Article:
You can visit this museum Tuesday through Saturday from noon to 5 p.m. Before you visit, stop by one of the great pizza places in the area. If you feel like spending a little time outdoors, take the free, interactive history tour of downtown Grand Rapids. It’s about 2 miles long, and it has 11 points of interest, including Fountain Street Church and Crescent Park. Malcolm X and Langston Hughes visited the historic Fountain Street Church, and Lyman Parks, Grand Rapids’ first African American mayor, helped found Crescent Park.
The Urban Institute for Contemporary Arts (UICA) will open in July 2021 and will showcase a rich collection of art. The Exit Space exhibit features work from street artists from all over the city. The grounds of the museum are covered in artwork as well. You can already see more than 16 murals, sculptures, and other art installations in the area around the institute. The Other World exhibit attempts to show a future worth fighting for, reinforcing aspirations for human advancement through an exploration of what fills people with hope.
This museum is part of Ferris State University’s Kendall College of Art and Design. Whereabouts: the Influence of Place and Space will include a variety of art installations in the Ferris Building’s main floor hallway, lobby, and main floor display cases. UICA hosts a variety of events, including docent-led tours, performance art, artist receptions, and gallery talks. Kids and adults can make their own artwork, and more extensive art classes about sculpting, fashion designing, illustration, photography, graphic design, architecture, painting, printmaking, and interior design will be available.
The Gerald R. Ford Presidential Library and Museum lets you take virtual tours. You can learn about President Ford’s childhood, his years in Congress, his time living in Grand Rapids, as well as his Vice Presidency and Presidency — all from home. You can also take virtual tours of the Cabinet Room and the Oval Office.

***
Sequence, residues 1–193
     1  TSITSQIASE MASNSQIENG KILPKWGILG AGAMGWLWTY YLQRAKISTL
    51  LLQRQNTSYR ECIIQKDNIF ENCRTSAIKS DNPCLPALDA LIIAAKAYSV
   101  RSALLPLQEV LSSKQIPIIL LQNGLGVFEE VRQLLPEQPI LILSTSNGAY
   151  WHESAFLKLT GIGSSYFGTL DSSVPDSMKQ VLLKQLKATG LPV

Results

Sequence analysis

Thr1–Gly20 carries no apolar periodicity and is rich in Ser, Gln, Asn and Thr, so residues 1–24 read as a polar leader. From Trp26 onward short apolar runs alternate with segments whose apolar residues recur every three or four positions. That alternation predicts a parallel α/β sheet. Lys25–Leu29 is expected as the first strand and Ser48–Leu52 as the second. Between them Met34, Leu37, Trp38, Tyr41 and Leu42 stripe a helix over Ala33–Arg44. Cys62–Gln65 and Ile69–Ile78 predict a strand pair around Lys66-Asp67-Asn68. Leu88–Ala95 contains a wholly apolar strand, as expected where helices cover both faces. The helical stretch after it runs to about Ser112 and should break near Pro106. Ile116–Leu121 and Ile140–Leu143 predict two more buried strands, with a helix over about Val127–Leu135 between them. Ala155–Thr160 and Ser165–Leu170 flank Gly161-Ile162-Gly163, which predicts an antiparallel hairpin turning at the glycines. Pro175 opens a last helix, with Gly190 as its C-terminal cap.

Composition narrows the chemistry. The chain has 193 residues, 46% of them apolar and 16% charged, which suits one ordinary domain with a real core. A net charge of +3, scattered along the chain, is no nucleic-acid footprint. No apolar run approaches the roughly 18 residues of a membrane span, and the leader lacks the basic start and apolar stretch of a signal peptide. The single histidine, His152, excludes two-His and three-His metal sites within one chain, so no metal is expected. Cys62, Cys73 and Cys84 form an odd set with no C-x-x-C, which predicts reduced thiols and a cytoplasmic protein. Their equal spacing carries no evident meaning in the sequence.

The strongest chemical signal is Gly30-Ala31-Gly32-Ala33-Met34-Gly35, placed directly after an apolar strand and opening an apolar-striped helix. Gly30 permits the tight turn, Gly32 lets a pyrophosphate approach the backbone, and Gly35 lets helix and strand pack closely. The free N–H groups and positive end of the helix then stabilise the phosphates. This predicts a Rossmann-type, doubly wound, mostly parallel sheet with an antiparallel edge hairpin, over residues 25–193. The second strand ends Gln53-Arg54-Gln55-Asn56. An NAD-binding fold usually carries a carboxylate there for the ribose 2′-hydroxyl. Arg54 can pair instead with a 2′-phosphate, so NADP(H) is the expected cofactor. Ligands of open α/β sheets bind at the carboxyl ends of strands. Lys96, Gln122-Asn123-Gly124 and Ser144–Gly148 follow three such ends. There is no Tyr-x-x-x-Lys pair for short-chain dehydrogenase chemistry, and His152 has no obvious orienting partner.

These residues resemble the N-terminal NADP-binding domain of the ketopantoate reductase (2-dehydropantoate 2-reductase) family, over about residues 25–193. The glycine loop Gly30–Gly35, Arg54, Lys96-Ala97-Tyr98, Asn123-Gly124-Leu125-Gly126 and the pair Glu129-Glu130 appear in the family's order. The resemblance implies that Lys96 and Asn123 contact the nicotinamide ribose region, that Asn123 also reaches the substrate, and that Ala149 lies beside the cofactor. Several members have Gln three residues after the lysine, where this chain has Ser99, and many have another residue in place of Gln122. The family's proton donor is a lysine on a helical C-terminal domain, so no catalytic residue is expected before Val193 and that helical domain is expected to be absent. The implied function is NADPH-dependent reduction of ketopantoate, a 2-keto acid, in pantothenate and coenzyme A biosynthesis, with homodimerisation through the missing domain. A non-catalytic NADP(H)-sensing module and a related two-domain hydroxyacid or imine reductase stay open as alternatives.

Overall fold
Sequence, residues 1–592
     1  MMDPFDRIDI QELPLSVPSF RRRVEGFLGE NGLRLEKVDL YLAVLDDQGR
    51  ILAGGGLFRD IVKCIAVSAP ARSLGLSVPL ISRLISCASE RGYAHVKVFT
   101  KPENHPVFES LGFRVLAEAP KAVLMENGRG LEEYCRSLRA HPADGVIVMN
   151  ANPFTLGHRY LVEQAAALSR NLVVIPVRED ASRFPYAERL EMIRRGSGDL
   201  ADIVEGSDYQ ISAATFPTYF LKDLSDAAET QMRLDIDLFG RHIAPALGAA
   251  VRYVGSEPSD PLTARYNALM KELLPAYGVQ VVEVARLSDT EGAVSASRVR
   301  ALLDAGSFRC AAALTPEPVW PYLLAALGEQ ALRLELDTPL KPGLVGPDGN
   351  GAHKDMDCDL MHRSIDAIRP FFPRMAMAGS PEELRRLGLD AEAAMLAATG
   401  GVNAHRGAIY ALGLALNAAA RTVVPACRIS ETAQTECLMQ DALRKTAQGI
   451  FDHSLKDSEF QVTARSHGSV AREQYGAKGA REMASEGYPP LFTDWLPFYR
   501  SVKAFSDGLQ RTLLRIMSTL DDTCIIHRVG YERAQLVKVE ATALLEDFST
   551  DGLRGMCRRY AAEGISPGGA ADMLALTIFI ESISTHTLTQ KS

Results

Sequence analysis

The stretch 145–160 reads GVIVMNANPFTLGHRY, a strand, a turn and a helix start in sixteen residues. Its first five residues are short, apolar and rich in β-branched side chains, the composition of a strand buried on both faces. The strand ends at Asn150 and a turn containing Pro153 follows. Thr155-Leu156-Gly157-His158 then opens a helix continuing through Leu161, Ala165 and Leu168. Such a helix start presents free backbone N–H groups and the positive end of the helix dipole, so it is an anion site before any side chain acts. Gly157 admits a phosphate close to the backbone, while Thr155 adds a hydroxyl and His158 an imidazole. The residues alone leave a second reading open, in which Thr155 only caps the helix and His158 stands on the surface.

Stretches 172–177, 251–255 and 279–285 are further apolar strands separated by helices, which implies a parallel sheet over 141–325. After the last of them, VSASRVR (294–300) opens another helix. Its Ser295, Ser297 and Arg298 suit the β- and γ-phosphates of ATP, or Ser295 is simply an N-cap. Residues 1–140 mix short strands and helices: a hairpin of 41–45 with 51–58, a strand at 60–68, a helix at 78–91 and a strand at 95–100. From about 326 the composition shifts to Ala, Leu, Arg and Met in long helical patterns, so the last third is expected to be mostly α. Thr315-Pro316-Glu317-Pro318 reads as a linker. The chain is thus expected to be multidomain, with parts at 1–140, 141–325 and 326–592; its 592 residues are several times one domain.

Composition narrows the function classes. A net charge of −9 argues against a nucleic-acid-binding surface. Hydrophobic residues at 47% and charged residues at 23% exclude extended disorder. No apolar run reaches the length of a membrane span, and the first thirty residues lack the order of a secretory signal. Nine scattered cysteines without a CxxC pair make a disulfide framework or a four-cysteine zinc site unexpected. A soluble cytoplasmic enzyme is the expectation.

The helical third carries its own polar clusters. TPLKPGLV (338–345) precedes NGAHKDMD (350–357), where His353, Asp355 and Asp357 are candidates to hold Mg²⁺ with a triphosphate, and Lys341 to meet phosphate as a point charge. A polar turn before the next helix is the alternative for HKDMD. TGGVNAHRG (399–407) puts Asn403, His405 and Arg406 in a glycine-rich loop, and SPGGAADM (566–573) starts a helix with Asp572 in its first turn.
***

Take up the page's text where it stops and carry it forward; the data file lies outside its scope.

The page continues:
At the museum, you’ll find a full-size replica of the Oval Office, an interactive Cabinet Room, a Watergate gallery, a 1976 Bicentennial display, and part of the Berlin Wall. You can also learn more about Betty Ford, the First Lady. Many exhibits change often, and past exhibits include The Continual Struggle and Canine Warriors. The Continual Struggle contained 23 works of art by Brian Washington that celebrate black history. Canine Warriors showcased the devoted service dogs that have aided disabled citizens, and it featured artwork by master craftsman James Mellick.
Luncheons, book readings, and holiday events take place regularly at the Gerald R. Ford Presidential Library & Museum. You can check their online calendar for details, and event spaces are available. Visually impaired visitors can ask in advance for an interpretive guide, and intern and volunteer programs are available.
At these great museums, you and your kids can have fun and learn more about Grand Rapids. These are some of our favorites here at Goodman Acker P.C. What are your favorite Grand Rapids museums? Did we miss any places that you enjoy? If so, let us know so we can add your top picks to our list.